Bees? Andrews keeps honeybees at a second home he and his wife, Jo, bought in Webster last year, and at their permanent home in Browns Summit. They were spending so much time attending WCU football games — they’ve been season ticketholders for 30 years— alumni activities and other events, it made sense to buy a home, he said. “We just got tired of doing the hotel thing or day trips. We worked, saved and squirreled away, whatever we had to do,” he said. 

Andrews uploads videos of himself with the bees for his students to view. “They eat that up,” he said. “When we were in the classroom, they would always ask questions about the bees to get us off subject, so we wouldn’t have to talk about the Civil War or whatever might be dry.”

The transition to online learning wasn’t easy, even for even for an exceptionally talented teacher like Andrews, but he believes he’s found his rhythm, and will likely keep some of his new strategies in place once school reopens next year, he said. 

In some ways, Andrews has been preparing for his new role as WCU’s alumni president ever since he started teaching. As part of his curriculum, each year he transforms his classroom into its own country, where students work, pay taxes and establish their own government, complete with its own currency and flag. Its name? Purple Pawville 24. 

An ode to his alma mater, perhaps? Andrews politely demurs out of respect for his students whose parents are Appalachian State graduates, insisting the name originated from the paw stamp set with a purple pad that his wife gave him in 1994, the first year he taught. Students who earn an A get a big paw stamp; a B, a little paw stamp.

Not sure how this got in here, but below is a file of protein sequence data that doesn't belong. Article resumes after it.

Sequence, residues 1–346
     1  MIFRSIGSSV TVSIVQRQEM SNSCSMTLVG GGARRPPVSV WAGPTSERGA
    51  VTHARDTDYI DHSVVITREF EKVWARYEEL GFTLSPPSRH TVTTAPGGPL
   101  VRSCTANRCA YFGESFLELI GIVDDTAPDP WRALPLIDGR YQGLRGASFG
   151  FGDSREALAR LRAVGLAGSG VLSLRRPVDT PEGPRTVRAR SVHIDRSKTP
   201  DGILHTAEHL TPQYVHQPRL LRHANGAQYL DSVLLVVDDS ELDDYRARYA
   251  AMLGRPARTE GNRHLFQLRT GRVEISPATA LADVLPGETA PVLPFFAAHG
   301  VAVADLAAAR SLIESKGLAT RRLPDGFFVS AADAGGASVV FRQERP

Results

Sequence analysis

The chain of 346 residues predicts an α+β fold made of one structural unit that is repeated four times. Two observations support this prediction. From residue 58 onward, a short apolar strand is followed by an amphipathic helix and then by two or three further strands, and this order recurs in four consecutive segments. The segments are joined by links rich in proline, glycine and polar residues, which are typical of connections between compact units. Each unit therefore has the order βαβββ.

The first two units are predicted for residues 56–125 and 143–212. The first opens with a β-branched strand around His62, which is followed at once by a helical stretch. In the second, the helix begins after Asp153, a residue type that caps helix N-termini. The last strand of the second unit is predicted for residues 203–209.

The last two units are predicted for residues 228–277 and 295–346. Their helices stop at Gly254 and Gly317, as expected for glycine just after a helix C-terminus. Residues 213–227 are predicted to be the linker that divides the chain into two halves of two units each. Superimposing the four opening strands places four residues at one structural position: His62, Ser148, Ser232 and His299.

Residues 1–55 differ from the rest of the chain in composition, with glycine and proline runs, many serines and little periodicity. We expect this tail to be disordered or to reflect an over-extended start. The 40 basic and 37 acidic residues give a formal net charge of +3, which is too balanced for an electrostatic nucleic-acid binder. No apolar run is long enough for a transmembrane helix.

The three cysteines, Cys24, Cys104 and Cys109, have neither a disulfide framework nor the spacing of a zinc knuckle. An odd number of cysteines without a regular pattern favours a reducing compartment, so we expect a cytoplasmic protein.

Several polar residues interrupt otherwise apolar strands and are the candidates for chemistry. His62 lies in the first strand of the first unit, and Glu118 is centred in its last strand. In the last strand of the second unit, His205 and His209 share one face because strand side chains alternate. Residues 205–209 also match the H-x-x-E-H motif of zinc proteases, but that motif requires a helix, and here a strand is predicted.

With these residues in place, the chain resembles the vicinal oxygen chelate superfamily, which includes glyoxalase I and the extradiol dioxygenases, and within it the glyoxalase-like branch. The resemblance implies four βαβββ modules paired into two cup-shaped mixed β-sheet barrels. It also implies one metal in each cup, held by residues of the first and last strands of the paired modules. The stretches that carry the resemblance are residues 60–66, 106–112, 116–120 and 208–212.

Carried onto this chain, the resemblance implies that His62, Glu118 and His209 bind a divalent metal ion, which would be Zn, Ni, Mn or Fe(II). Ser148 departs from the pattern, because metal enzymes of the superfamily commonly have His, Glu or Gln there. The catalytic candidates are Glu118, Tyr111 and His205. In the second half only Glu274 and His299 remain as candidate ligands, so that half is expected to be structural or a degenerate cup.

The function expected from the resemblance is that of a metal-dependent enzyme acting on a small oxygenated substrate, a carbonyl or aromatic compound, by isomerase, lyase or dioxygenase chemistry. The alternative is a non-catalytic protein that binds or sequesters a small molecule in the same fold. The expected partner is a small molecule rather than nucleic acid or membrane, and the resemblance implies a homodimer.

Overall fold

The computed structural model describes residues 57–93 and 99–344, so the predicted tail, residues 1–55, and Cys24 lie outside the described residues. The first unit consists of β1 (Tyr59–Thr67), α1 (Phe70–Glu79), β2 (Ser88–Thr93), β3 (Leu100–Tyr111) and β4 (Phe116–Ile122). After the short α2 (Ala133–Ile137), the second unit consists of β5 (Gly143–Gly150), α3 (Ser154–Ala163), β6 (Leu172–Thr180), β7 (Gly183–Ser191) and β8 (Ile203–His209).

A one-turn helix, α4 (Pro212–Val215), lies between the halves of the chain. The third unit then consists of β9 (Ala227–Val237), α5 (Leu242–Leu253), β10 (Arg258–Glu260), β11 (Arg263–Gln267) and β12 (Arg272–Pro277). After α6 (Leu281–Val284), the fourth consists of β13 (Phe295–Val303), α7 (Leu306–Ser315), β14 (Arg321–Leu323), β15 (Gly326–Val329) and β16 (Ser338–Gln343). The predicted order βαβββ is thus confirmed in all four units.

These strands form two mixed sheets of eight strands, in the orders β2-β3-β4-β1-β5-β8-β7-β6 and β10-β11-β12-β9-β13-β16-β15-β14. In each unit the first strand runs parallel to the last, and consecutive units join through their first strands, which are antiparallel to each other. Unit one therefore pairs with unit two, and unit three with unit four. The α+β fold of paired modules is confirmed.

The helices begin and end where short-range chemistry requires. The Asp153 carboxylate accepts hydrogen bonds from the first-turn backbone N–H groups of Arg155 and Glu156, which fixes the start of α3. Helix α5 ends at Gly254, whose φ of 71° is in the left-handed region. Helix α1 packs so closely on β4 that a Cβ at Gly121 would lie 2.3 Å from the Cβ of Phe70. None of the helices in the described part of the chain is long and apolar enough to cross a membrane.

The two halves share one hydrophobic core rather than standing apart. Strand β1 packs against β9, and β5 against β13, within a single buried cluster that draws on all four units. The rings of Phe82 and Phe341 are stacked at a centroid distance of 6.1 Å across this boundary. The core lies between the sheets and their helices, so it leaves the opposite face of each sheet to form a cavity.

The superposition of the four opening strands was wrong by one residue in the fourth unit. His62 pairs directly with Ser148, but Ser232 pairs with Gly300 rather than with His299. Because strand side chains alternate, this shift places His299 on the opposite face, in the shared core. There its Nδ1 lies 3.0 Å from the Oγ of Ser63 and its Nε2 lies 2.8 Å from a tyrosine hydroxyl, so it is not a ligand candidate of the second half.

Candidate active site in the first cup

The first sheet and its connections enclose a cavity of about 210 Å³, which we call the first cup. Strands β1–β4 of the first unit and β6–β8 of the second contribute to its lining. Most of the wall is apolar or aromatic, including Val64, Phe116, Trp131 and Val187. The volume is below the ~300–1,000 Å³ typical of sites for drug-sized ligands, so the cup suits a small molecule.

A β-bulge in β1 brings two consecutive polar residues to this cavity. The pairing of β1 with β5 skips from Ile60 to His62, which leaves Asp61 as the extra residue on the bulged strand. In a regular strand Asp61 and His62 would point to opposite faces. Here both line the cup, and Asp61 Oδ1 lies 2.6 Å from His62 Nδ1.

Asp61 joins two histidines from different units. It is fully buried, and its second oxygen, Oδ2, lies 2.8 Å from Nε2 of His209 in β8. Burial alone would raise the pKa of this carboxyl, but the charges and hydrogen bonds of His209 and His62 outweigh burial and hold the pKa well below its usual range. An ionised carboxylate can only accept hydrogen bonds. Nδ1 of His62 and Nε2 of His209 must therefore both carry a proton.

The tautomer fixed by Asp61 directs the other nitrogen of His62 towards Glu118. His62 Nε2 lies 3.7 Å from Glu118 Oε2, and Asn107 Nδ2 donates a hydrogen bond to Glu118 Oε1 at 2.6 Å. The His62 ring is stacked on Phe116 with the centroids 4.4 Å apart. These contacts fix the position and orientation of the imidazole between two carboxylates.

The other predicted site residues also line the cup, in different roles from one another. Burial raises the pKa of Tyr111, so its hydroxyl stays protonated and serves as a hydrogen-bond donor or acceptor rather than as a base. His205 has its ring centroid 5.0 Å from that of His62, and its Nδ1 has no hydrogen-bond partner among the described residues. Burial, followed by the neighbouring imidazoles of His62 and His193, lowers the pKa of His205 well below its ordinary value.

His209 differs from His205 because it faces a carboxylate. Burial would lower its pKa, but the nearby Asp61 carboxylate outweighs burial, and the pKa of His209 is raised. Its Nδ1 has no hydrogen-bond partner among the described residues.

Neal Andrews

 

His students liked it so much they named their country Purple Pawville, and it stuck. That was 24 years ago and no subsequent class has wanted to change it. One group even amended Purple Pawville’s constitution prohibiting a name change, allowing only for a numerical designation. 

“Every year we just become a new government, a new economy, but it’s still the same country, just with new citizens,” Andrews said. “You never leave Pawville. The Pawville alumni come back to our classroom and embrace the new kids. The new kids beg for me to tell them stories of different Pawvilles — what did they do, what were they like. It’s really heartwarming. It just builds in to a family. Our hashtag for different things is #pawvilleisfamily, and that’s the Western thing. Western’s family.”

Andrews is reflective when he thinks about the past year. Although he is a highly successful teacher, the coronavirus’ interference helped to rekindle his fire for teaching and forced him to learn new methods that inspire his students. He will use those new tools, he said, to build on what already works, a strategy similar to one he’ll use in his new “classroom” of 76,600 as president of WCU’s Alumni Association. 

“I think it’s really important to accentuate the positives that are already there,” Andrews said. “A lot of times we don’t focus on those things. I just want to make sure that people are aware of the great things that are going on at our university and how we, as alumni, from all the decades, generations really, have a job to carry out our stories and to keep the Western story going.”

A big paw stamp to that